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                                                                                      • Fishman, Mark. 1980. Manufacturing the news. Austin: Univ. of Texas Press.

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                                                                                        An ethnography that provides a critical examination of the news production process. Fishman examines how routine news practices exacerbated a crime wave on the elderly. He argues that the standard methods of news gathering, rather than hidden manipulations, can systematically misrepresent what is actually happening in the world.

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                                                                                        • Gans, Herbert J. 2004. Deciding what’s news: A study of CBS Evening News, NBC Nightly News, Newsweek, and Time. 25th anniv. ed. Evanston, IL: Northwestern Univ. Press.

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                                                                                          Gans’s sociological study categorizes news as either journalist-centered or event-centered, and as either organizationally or externally determined. He illuminates the role of sources, explaining how official sources influence news content by what they reveal and withhold as well as how they control access to institutions and events that journalists want to cover. First published in 1979 (New York: Pantheon).

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                                                                                          • Gitlin, Todd. 1980. The whole world is watching. Berkeley: Univ. of California Press.

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                                                                                            Using coverage on CBS and the New York Times, Gitlin analyzes the news media’s influence on Students for a Democratic Society (SDS). This work would be of value to media advocates interested in a case study of how news coverage can influence a social movement; Gitlin argues that news coverage of SDS attracted a unique crowd that eventually changed the organization, leading to its downfall. Chapter 10 offers an insightful sociological analysis of how news functions in modern society.

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                                                                                            • Graeff, Erhardt, Matt Stempeck, and Ethan Zuckerman. 2014. The battle for?“Trayvon Martin”: Mapping a media controversy online and off-line. First Monday 19.2.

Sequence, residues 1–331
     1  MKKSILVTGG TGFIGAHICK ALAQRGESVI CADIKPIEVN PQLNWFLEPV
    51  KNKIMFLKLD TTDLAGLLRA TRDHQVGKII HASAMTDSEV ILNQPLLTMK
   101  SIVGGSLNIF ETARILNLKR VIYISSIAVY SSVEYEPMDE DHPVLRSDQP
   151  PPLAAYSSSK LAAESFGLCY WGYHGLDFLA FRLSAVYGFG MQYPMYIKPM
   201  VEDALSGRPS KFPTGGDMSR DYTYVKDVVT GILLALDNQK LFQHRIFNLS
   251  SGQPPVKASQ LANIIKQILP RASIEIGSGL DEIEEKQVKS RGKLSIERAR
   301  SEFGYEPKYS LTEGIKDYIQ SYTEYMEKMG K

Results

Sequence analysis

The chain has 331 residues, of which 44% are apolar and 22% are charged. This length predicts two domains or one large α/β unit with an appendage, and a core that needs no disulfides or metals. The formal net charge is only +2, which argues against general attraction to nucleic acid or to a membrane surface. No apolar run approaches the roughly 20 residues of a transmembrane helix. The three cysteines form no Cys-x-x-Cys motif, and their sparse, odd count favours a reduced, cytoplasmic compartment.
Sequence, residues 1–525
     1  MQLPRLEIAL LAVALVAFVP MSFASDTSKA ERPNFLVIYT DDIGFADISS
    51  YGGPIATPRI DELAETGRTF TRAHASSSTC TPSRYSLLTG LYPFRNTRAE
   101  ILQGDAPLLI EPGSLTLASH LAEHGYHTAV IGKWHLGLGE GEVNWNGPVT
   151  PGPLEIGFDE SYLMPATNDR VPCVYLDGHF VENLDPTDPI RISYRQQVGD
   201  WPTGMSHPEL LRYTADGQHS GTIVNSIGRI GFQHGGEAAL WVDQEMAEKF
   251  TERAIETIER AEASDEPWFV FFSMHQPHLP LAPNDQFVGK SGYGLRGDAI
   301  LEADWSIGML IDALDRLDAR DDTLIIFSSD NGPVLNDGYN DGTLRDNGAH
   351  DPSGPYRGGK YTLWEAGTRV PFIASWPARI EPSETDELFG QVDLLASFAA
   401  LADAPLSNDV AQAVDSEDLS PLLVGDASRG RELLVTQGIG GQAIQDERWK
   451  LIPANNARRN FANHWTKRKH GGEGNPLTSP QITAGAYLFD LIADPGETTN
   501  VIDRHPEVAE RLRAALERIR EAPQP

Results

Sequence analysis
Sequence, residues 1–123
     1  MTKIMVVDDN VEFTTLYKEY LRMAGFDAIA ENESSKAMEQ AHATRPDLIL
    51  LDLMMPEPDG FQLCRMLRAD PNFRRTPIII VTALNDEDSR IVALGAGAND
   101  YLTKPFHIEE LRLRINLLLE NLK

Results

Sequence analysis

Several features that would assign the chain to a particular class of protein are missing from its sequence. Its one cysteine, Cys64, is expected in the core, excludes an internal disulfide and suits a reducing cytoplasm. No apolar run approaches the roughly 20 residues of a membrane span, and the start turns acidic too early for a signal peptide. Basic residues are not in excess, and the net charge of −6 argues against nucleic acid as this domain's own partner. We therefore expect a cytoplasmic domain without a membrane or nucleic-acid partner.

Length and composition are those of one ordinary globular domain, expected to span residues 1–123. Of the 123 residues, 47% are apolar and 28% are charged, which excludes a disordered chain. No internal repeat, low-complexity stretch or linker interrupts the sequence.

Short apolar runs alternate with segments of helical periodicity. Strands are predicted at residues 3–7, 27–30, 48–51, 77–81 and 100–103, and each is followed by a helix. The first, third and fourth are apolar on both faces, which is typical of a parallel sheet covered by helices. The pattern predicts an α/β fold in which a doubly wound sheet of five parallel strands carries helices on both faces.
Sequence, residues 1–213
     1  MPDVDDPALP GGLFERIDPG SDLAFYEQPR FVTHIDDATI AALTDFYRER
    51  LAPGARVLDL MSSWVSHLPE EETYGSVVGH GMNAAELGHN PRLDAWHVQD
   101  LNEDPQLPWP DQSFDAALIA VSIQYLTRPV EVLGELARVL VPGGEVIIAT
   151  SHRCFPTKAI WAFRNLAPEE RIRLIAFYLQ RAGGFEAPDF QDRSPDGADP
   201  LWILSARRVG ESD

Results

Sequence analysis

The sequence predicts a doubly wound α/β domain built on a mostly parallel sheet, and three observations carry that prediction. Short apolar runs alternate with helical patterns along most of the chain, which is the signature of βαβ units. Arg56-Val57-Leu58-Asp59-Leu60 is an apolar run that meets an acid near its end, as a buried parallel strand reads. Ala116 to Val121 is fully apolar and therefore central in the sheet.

DOI: 10.5210/fm.v19i2.4947Save Citation »Export Citation »E-mail Citation »

                                                                                              What role does social media play in influencing news media practice? This study details how advocates’ strategic use of social media and traditional community organizing elevated the salience of the killing of Trayvon Martin from a local news story to one that dominated national coverage.

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                                                                                              • Iyengar, Shanto, and Richard Reeves. 1997. Do the media govern? Politicians, voters, and reporters in America. Thousand Oaks, CA: SAGE.

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                                                                                                This collection of essays brings together the perspectives of academics, reporters and commentators, campaign consultants, and policy advocates to examine the news media in the context of American politics and news influence on the policy process.

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                                                                                                Evaluation

                                                                                                Media advocacy is difficult to evaluate. The ultimate outcome measure for media advocacy is whether or not the desired policy passed. However, disentangling media advocacy’s contribution to the policy process from the effects of community organizing or policy advocacy—or other events or secular trends—is challenging, especially because policies can take years, sometimes decades, to pass. Stead, et al. 2002 provides a comprehensive assessment of the challenges and how best to meet them. For these reasons, most evaluations of media advocacy are qualitative case studies that describe the process of conducting media advocacy (see Case Studies). In addition, measuring media effects is difficult in and of itself. Dorfman, et al. 2002 provides a framework for evaluators who want to assess media advocacy in relation to other sorts of health communications, while Major 2009 tests media advocacy concepts in an experiment. Most evaluations of media advocacy have examined efforts to enact either tobacco control policy (Niederdeppe, et al. 2007) or alcohol control policy (Harwood, et al. 2005; Holder and Treno 1997; and Stewart and Casswell 1993), likely because media advocacy was developed first in those fields. As media advocates expand their practice, we should start to see evaluations of media advocacy practiced in other public health policy arenas, such as those discussed in Schooler, et al. 1996 on heart disease, Major 2009 on lung cancer and obesity, and Gardner, et al. 2010 on health care.